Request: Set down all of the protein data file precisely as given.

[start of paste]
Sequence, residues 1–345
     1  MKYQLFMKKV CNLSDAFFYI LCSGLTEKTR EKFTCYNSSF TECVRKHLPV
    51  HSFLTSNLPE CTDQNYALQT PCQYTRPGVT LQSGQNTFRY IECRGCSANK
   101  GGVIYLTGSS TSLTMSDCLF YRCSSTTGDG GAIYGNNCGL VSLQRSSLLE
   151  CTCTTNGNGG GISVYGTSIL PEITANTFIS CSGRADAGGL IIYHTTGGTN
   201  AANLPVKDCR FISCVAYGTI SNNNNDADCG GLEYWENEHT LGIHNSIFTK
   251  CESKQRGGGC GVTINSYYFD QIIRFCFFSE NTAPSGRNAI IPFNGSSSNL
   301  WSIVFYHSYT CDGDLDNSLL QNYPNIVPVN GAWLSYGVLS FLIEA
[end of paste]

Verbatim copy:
Sequence, residues 1–345
     1  MKYQLFMKKV CNLSDAFFYI LCSGLTEKTR EKFTCYNSSF TECVRKHLPV
    51  HSFLTSNLPE CTDQNYALQT PCQYTRPGVT LQSGQNTFRY IECRGCSANK
   101  GGVIYLTGSS TSLTMSDCLF YRCSSTTGDG GAIYGNNCGL VSLQRSSLLE
   151  CTCTTNGNGG GISVYGTSIL PEITANTFIS CSGRADAGGL IIYHTTGGTN
   201  AANLPVKDCR FISCVAYGTI SNNNNDADCG GLEYWENEHT LGIHNSIFTK
   251  CESKQRGGGC GVTINSYYFD QIIRFCFFSE NTAPSGRNAI IPFNGSSSNL
   301  WSIVFYHSYT CDGDLDNSLL QNYPNIVPVN GAWLSYGVLS FLIEA